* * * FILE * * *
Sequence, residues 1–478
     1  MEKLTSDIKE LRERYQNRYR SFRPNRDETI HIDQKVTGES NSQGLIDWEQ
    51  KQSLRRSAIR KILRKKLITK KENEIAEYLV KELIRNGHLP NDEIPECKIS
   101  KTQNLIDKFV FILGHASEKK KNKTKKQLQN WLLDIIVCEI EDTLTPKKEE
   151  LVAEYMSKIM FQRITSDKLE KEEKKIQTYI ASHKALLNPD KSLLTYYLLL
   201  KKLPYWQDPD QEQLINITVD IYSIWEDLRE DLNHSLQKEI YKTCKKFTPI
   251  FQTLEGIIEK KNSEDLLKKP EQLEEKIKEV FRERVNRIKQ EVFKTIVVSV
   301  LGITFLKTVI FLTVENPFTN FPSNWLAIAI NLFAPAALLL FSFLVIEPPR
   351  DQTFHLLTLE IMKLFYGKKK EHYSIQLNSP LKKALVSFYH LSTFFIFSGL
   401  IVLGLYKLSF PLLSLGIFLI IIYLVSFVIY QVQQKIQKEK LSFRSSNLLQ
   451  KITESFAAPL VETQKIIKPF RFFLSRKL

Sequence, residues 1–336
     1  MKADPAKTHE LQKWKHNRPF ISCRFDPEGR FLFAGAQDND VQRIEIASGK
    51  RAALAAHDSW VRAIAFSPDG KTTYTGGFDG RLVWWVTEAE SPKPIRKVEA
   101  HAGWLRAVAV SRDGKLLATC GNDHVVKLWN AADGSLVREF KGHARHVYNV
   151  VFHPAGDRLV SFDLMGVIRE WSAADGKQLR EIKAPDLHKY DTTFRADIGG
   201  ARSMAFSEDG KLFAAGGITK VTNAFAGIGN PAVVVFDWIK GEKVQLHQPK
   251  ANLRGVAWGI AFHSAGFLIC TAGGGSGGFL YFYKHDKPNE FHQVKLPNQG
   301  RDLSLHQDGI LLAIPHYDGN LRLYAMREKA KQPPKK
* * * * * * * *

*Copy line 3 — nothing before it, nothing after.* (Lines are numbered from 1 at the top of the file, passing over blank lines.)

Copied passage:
    51  KQSLRRSAIR KILRKKLITK KENEIAEYLV KELIRNGHLP NDEIPECKIS